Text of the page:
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Jay Dinshah, 66, American Vegan Society Leader
by S. Joseph Hagenmayer - from IVU News Oct 2000

Reprinted from The Philadelphia Inquirer, June 15, 2000

H. Jay Dinshah, 66, who as the leader of the American Vegan Society was an advocate for life without violence toward animals or humans, died on June 8, apparently from a heart attack while working in his office in Malaga, New Jersey. Both sides of his family had a history of congenital heart problems, relatives said.

A lifelong Malaga resident, Mr. Dinshah founded the American Vegan Society in 1960 and was its president for 40 years. He operated the society originally from offices in his Malaga home, where individuals seeking to become vegetarians or vegans would often come and stay for a week or perhaps a month to learn how to live both ethically and with a healthful diet. The society acquired a nearby office building in the mid-1970s. and Mr. Dinshah remodeled the building room by room.

"A vegan is a vegetarian for strictly ethical reasons - respecting the rights of all living creatures. Mr. Dinshah explained in a 1970 interview. "Not a religion, but a philosophy of life, veganism is an advanced way of living extending to all living creatures compassion, kindness and justice exemplified in the Golden Rule," he said. "Vegans abstain from all animal products including meat, milk, eggs, butter, fish and fowl, and true vegans will not use leather shoes or belts or wear furs."

Mr. Dinshah was raised as lacto-vegetarian from birth by his parents, the late Dinshah P. Ghadiali and Irene Grace Hoger Dinshah. His diet in later years consisted of fruits, salads, vegetables, grains, legumes, nuts and seeds. As a vegan. he also wore only synthetic or cotton clothing and canvas or plastic shoes. His ethic of reverence for life was expounded through writings and essays and crusades that took him across North America and around the world. He had helped organise conventions, including the 1975 World Vegetarian Congress at the Unlversity of Maine, that played significant roles in the development of the [American] vegetarian and vegan movements that flourish today.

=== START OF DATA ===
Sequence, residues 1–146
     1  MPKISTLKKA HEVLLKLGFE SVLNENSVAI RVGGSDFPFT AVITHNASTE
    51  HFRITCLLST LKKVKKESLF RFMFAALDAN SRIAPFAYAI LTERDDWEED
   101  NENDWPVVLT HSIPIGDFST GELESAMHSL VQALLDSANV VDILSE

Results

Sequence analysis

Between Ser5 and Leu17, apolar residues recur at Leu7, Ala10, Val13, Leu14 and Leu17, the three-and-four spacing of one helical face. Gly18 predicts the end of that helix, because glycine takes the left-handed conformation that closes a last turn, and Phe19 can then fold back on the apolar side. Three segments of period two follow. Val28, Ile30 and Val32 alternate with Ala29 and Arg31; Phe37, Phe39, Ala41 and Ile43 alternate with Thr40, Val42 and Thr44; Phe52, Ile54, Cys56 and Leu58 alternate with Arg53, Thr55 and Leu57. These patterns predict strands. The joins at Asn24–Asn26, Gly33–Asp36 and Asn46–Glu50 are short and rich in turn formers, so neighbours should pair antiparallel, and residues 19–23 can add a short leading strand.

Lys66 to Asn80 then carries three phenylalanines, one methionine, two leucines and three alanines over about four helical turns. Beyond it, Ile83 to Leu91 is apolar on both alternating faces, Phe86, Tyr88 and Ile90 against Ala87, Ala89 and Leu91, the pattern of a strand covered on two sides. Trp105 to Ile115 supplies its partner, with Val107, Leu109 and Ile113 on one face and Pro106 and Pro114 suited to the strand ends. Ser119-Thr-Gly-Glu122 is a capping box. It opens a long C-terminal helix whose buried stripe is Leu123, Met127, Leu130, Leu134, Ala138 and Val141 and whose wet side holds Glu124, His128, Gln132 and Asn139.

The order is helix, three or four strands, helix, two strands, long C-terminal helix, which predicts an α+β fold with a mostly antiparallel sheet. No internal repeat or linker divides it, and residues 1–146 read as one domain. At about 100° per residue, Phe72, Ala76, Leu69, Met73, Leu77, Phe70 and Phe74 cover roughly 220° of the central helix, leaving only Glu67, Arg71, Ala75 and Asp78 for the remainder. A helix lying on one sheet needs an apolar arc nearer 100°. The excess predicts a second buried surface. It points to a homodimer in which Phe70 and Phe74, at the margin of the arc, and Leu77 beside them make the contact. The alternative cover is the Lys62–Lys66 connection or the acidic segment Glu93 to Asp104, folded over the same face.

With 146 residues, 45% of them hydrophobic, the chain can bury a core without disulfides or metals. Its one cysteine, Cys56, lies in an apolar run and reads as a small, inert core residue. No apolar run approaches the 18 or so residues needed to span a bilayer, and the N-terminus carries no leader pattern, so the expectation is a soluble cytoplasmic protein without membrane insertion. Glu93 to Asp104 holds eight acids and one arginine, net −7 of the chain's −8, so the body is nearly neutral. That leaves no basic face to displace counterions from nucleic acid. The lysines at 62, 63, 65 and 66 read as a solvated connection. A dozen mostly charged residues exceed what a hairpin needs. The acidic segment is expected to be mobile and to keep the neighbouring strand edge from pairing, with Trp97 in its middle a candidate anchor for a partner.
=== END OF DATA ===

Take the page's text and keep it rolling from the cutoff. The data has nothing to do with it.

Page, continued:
Mr. Dinshah was the self-published author of Out of the Jungle in 1967 and Song of India in 1973 and had edited an anthology titled Here's Harmlessness in 1964. He had written numerous articles for Ahimsa, the Society's magazine.

At 23, Mr. Dinshah went to see a slaughterhouse on Front Street in Philadelphia, recalled Freya Smith Dinshah, his wife of 39 years. "It was so terrible an experience that I think it changed the direction of his life forever."

Mr. Dinshah was home-schooled by his parents. He enjoyed playing the piano and singing old songs. In addition to his wife, he is survived by his children, Daniel and Anne. Memorial donations may be made to the American Vegan Society, Box 369, Malaga, New Jersey, USA 08328-0908

Mankar Memorial Award
It is customary at each World Vegetarian Congress to bestow the Mankar Memorial Award to an outstanding individual who has made a significant contribution to the cause of vegetarianism. The most recent recipient, posthumously, was Jay Dinshah, whose living example of ahimsa will be remembered for a long time. Jay's wife, Freya, humbly accepted the award at the Banquet dinner during the 34th World Vegetarian Congress in Toronto.